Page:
23 August 2019

Put not your trust in princes — or committees

Charles McCreery points out that princes, like committees, can be capricious, and that relying on them as sources of support can be hazardous, as Richard Wagner discovered.

One disadvantage of being financed by someone else’s money and not your own is that the patron may always decide to cut off his patronage. At one stage King Ludwig became impatient with the length of time Wagner was taking to complete The Ring and decided to stage the first, completed half in his own theatre in Munich. Wagner resisted this premature staging of his truncated work in every way he could, but the king had the last word. ‘These theatre people must learn to obey my orders, not Wagner’s whims,’ he said. ‘Pereat the whole lot of them.’ What is more to the point, he threatened to withhold Wagner’s allowance if he persisted in his opposition. Wagner, who had certainly not been saving out of his royal income, could only retire in dudgeon to his house in Zurich.

Needless to say, a committee is just as likely to change its mind about supporting someone as is an individual. In fact, to the extent that it is more susceptible to outside pressure (being accountable to some collective entity for its funds), it may be expected to be even more unreliable.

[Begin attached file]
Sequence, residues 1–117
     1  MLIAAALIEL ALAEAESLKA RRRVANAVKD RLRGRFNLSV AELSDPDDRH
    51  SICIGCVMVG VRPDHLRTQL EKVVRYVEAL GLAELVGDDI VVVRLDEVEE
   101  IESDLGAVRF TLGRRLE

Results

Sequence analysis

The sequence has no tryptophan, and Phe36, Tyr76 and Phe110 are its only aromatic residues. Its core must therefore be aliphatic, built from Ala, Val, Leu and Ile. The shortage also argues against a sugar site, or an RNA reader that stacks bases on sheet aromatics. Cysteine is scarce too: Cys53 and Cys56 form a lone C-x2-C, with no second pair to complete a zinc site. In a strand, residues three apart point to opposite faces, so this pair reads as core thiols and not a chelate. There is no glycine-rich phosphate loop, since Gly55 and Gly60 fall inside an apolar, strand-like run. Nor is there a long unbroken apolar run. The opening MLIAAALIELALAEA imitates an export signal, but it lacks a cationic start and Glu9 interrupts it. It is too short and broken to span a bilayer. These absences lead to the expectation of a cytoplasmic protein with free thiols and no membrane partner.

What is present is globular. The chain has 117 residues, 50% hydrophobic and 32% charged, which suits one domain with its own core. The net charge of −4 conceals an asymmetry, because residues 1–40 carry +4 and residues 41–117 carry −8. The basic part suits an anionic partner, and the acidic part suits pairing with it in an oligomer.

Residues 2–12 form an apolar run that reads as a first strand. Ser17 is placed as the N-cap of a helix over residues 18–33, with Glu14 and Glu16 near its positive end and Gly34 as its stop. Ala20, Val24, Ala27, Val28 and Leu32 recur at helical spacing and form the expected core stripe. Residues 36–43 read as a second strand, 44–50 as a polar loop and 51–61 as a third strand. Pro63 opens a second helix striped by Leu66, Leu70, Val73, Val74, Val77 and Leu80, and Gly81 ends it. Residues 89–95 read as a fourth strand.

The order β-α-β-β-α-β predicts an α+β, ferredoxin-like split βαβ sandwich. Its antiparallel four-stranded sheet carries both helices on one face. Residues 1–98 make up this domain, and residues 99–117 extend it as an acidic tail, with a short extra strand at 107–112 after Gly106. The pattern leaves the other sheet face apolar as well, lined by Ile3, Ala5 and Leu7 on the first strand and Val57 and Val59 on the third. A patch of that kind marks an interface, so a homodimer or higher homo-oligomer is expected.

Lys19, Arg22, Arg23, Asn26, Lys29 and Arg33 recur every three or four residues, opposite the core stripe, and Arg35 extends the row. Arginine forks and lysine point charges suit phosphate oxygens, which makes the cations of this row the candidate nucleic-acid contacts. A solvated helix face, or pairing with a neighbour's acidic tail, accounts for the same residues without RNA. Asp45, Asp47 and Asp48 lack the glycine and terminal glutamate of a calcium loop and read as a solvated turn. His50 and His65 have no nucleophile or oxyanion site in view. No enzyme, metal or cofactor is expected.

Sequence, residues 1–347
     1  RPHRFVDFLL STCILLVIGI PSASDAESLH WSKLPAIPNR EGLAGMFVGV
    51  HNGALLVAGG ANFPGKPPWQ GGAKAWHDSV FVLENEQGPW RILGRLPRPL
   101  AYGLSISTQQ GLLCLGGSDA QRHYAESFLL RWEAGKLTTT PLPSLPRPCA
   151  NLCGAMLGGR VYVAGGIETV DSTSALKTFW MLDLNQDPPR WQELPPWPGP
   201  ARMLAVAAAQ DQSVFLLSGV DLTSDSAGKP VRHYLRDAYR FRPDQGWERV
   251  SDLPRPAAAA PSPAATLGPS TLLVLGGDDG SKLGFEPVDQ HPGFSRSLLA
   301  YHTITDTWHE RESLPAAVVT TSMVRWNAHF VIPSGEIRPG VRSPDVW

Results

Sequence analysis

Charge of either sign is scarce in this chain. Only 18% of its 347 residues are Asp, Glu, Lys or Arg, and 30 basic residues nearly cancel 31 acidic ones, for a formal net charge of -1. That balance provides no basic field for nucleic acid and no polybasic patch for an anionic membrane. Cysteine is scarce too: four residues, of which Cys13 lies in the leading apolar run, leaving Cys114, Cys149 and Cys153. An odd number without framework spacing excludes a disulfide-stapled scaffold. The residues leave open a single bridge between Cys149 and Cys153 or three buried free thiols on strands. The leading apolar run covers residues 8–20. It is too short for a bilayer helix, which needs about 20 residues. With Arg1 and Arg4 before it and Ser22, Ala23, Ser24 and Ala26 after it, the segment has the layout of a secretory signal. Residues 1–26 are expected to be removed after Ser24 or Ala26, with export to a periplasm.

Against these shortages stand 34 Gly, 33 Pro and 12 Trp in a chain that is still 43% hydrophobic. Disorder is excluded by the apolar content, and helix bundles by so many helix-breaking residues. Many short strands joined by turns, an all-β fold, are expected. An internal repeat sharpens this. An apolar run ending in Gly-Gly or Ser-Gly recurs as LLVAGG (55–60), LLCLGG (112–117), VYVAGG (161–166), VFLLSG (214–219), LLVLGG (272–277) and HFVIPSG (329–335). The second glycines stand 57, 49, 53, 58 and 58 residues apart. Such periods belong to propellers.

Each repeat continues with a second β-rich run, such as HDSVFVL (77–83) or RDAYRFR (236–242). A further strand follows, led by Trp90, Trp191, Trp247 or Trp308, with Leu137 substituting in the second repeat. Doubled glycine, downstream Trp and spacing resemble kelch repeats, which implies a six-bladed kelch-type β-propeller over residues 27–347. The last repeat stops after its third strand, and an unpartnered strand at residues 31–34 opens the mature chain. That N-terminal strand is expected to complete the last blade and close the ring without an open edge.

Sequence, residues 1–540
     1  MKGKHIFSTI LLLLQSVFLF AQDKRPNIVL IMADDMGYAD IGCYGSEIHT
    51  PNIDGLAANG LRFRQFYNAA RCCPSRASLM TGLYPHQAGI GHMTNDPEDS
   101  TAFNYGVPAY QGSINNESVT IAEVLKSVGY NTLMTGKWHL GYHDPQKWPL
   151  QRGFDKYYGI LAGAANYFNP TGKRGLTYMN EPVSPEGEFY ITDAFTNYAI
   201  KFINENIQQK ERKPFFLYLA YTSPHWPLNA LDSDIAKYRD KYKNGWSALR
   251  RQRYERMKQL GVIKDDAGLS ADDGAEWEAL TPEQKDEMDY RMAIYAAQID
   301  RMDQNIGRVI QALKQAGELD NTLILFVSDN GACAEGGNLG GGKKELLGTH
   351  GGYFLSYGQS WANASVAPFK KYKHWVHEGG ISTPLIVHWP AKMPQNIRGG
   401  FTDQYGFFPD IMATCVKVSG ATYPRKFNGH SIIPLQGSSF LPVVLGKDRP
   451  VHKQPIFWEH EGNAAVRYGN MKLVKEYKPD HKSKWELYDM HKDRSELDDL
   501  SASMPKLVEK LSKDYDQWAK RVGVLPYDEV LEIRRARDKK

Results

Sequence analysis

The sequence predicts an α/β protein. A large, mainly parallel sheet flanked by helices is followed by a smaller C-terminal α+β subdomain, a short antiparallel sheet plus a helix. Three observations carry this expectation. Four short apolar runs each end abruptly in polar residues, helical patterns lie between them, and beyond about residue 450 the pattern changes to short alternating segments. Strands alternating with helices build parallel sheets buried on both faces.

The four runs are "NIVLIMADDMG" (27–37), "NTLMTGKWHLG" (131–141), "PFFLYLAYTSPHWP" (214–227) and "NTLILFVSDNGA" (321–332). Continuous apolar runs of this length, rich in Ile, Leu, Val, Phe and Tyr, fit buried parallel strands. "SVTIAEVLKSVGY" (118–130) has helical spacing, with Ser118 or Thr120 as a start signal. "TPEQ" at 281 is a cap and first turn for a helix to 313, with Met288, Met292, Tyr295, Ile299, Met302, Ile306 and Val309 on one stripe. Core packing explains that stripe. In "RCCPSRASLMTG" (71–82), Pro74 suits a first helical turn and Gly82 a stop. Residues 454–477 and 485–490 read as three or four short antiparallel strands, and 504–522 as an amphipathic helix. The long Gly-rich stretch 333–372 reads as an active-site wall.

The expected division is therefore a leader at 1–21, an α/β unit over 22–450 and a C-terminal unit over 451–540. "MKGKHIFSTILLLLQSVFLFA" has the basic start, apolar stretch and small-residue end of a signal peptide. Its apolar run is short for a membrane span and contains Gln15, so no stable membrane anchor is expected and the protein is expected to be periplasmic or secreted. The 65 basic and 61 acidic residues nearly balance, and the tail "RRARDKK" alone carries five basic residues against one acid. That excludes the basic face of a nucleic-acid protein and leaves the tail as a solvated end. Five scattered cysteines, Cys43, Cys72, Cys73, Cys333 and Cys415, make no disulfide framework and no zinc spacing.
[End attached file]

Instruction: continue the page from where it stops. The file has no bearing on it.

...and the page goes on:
By contrast, Coleridge and Wordsworth both benefited from more enlightened patronage.
However, there is one form of patronage that is not open to the objection that it may be cut off at any time, and that is where the beneficiary is given capital rather than income. In 1798 two members of the Wedgwood family decided to give Coleridge an annuity of £150 a year so that he would not have to enter the Unitarian Ministry to obtain an income and could continue working at literature. The Wedgwoods had ideas about improving the human condition and decided that Coleridge was the man to help them do it, apparently because of his powers as a thinker rather than as a poet.

Wordsworth benefited from a similarly antisocial act of generosity, albeit on a rather more modest scale. When he was twenty-three he formed a friendship with a young man of private means called Raisley Calvert. Calvert suffered from consumption, and aware that he was gravely ill, determined to make a will bequeathing a legacy to Wordsworth sufficient to enable him to live without a profession. As Wordsworth put it, the purpose of the bequest was:

‘to secure me from want, if not to render me independent [and] to enable me to pursue my literary views or any other views with greater success [...]. I had had but little connection [with Calvert], and the act was done entirely from a confidence on his part that I had powers and attainments which might be of use to mankind.’

From The Abolition of Genius, available from Amazon.